Tag: traffic

Want to Hear a New Poem on the Anxiety of Sunday Night?

So fellow poet and blogger, Scott Carroll (I hate to blow his cover, but he’s had poetry published in ZZYZZVA) wrote a poem about traffic called Topanga Canyon.  He dedicated the poem to me, knowing that I spent a lot of time in traffic when I was working at the rehab center and teaching creative writing.  That drive was horrible, but Scott and I understand that even in the middle of traffic, lined up like a bunch of tuna in tin cans, there is a way to find something poetic, something meaningful.

When I was dealing with that traffic, I would dread Sunday night.  I know, it’s weird, you think I would dread being at work or in traffic, but on the eve of the week ahead, I would have these terrible bouts of anxiety, thinking about the traffic — would it take me three hours to get to work? would there be an accident? would I be the one in the accident? — and I began to hate Sunday.  I enjoyed work, but I hated the drive.  Honestly, I wasn’t happy.  So I wrote a poem one Sunday night.  Clink on the link below to hear an audio version of me reading it:

Before the Week Ahead

It’s funny, though, and hard to describe, exactly, what I would like to say about traffic.  And I hope the poem does that.  The rest of the day, I’m going to enjoy being alive.  I’m going to go on a run.  I’m going to drink a tad bit of rum — we ran out of wine.  And I’m going to enjoy my family — Heron and my dog.  I hope you, too, are finding a way to enjoy the night, the day, the approaching retired space shuttle, the city you call home.

Revision, Traffic, and Guatemala

So for the last couple nights, I have been dreaming about being stuck in traffic.  The traffic on the 405 — the journey I used to experience every day, Monday thru Friday, on my way to work at the rehab center.  I keep seeing the red brake lights, the advertisements on the sides of the road, and strangers in their cars, looking into an endless line of machinery as if they were looking into a blank television.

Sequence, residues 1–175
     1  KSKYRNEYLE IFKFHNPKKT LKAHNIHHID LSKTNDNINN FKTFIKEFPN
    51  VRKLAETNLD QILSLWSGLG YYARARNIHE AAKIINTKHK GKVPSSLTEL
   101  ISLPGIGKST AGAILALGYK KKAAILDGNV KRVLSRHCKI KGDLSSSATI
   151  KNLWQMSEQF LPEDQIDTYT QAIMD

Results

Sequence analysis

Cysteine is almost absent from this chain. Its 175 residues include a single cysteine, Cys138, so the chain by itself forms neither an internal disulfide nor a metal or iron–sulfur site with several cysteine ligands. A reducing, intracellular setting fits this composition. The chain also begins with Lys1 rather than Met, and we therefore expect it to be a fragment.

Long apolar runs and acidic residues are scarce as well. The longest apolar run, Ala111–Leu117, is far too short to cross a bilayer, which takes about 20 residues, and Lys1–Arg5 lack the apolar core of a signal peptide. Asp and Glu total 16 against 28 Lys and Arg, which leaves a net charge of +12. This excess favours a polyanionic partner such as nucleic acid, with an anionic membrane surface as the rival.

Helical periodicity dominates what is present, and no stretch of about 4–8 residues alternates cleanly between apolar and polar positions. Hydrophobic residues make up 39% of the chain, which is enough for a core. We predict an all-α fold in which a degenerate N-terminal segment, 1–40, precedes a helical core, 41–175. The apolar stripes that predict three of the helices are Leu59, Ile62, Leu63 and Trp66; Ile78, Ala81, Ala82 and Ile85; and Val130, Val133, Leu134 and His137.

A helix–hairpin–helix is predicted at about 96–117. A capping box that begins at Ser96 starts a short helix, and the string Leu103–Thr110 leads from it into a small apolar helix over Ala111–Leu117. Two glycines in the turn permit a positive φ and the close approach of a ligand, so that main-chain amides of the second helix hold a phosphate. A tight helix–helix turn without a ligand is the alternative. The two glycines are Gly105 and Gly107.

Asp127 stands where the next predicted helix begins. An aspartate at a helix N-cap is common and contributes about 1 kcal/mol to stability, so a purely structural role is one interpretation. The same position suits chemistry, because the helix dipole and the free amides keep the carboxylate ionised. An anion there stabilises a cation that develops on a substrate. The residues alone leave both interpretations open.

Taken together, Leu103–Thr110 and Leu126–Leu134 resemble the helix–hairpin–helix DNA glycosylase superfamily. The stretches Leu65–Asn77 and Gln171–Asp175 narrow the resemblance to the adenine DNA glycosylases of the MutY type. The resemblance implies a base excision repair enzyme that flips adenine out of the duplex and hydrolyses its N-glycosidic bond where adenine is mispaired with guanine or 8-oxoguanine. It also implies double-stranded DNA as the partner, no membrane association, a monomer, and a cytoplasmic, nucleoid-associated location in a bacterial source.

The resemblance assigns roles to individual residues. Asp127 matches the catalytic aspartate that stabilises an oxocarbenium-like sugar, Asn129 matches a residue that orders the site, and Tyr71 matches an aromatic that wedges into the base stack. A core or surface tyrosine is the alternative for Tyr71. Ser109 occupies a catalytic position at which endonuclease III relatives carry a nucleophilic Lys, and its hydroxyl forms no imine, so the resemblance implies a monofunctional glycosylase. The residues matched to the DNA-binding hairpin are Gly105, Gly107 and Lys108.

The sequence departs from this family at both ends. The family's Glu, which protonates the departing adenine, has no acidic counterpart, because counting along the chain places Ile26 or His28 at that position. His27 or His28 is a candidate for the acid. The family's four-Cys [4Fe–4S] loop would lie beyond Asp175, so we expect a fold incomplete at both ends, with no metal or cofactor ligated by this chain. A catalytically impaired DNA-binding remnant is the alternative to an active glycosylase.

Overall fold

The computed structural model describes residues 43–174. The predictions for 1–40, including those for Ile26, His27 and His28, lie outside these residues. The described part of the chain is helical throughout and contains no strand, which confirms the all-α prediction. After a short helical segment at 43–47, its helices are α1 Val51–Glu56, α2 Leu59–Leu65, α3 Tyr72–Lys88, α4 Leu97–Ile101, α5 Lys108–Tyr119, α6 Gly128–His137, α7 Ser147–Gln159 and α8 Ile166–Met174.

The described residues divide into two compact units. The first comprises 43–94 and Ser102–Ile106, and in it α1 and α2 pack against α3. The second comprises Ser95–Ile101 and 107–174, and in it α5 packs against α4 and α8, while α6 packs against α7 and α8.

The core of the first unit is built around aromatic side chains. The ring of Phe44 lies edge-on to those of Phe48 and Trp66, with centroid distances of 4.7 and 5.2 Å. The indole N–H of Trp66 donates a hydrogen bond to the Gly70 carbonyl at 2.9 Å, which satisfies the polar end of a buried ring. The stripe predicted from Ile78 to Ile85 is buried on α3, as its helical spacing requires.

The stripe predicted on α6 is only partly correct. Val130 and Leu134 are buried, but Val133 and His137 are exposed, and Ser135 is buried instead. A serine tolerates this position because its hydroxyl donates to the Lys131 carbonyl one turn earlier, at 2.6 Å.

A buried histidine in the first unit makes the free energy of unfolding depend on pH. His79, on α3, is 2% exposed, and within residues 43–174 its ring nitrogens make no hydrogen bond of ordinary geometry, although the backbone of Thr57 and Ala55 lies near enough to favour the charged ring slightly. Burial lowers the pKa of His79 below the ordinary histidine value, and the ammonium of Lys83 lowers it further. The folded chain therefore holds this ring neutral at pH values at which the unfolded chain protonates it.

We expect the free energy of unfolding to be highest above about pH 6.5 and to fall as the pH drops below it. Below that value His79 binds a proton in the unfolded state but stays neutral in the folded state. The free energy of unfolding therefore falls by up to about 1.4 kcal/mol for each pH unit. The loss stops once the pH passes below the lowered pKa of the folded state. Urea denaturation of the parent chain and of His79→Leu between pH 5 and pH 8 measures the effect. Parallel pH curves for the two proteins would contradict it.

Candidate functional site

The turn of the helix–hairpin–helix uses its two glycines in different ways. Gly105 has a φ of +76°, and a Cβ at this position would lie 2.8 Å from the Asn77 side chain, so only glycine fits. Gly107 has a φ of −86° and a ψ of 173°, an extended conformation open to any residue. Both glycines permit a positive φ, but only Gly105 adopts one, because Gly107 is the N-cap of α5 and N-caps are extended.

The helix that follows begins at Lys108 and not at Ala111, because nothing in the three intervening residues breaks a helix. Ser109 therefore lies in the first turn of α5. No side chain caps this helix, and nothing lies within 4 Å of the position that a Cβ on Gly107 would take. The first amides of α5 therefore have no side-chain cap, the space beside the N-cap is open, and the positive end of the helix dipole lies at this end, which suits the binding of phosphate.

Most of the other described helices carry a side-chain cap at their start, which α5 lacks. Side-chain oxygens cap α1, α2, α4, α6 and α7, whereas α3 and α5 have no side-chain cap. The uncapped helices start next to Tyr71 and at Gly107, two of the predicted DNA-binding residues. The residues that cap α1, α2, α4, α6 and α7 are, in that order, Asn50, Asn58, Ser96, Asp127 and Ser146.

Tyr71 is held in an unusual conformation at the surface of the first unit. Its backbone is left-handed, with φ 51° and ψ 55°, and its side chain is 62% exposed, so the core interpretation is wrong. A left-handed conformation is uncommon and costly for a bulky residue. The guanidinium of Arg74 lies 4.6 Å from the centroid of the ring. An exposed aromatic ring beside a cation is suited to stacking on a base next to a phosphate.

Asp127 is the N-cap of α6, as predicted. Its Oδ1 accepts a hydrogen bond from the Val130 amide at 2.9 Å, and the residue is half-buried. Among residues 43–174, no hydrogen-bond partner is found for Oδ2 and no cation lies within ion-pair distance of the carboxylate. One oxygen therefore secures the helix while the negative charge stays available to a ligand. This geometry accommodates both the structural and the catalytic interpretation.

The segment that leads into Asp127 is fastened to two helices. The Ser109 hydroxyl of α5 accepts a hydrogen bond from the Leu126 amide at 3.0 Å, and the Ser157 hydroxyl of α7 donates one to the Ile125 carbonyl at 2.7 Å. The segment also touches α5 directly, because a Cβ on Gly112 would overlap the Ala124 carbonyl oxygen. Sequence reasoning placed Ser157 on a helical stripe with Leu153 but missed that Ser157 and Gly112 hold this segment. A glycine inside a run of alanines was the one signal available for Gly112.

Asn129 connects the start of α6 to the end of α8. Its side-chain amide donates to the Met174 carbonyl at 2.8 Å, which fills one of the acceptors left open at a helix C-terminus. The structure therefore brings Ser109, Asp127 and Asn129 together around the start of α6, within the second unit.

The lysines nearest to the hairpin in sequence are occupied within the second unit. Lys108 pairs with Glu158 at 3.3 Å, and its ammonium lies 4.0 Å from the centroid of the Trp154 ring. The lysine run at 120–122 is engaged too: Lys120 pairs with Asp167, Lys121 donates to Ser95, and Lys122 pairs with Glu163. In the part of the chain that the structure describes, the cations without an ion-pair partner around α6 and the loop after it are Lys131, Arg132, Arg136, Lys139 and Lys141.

I couldn’t be happier that I’m not on that highway anymore, but, judging from my dreams, there is still a part of me on that road; there is still something in my mind that hasn’t allowed me to leave.  The journey, the one I am on, isn’t always about the physical.  Yes, I have found some jobs, and I’m going to sell some ad space for a newspaper, but there is still a part of me that feels stuck.  My unconscious is still on that road.

Photo Taken by Flor

Maybe it has something to do with my book.  I started reading, “Running With Scissors,” as guidance for my revision.  And I am inspired by the book, but staring at a revision, cutting 100 pages, and beginning a rewrite of a period of my life that was traumatic, sort of feels like staring into that traffic.  I can’t quite get to where I want to go yet.  I still need to work hard.  And that feeling, well, it’s difficult.

When I was in college, I went to Guatemala with some of my other students.  We spent a week there, and we lived with some Mayans.  One day, we were going to climb a volcano, which was a 13,000 foot climb.  People jump out of planes at 13,000.  It seemed crazy.  And I’ll never forget, driving through the night in the back of a Chevrolet truck, the stars blazing in the heavens, and my  friend, Aldofo, singing while he tried to stay warm.  We stepped out of the truck, and I looked at the volcano.  It was bigger than any mountain I had ever seen.  And I remember that first step, that first moment of beginning that journey, and the difficulty of knowing it was only the first step.  Eventually, I climbed to the top of the volcano, and I stared out across Central America, a place so foreign and wonderful and beautiful it almost broke my heart.

That’s what I feel like with my book right now.  That I’m beginning, again, to write about a world and memories that ripped me apart.  And maybe I’m finally ready.  This process, well, it’s a way for me to write my way out of the traffic and beyond the first step to see the awesome and titanic in my story.  And the only way to grow, now, is to begin .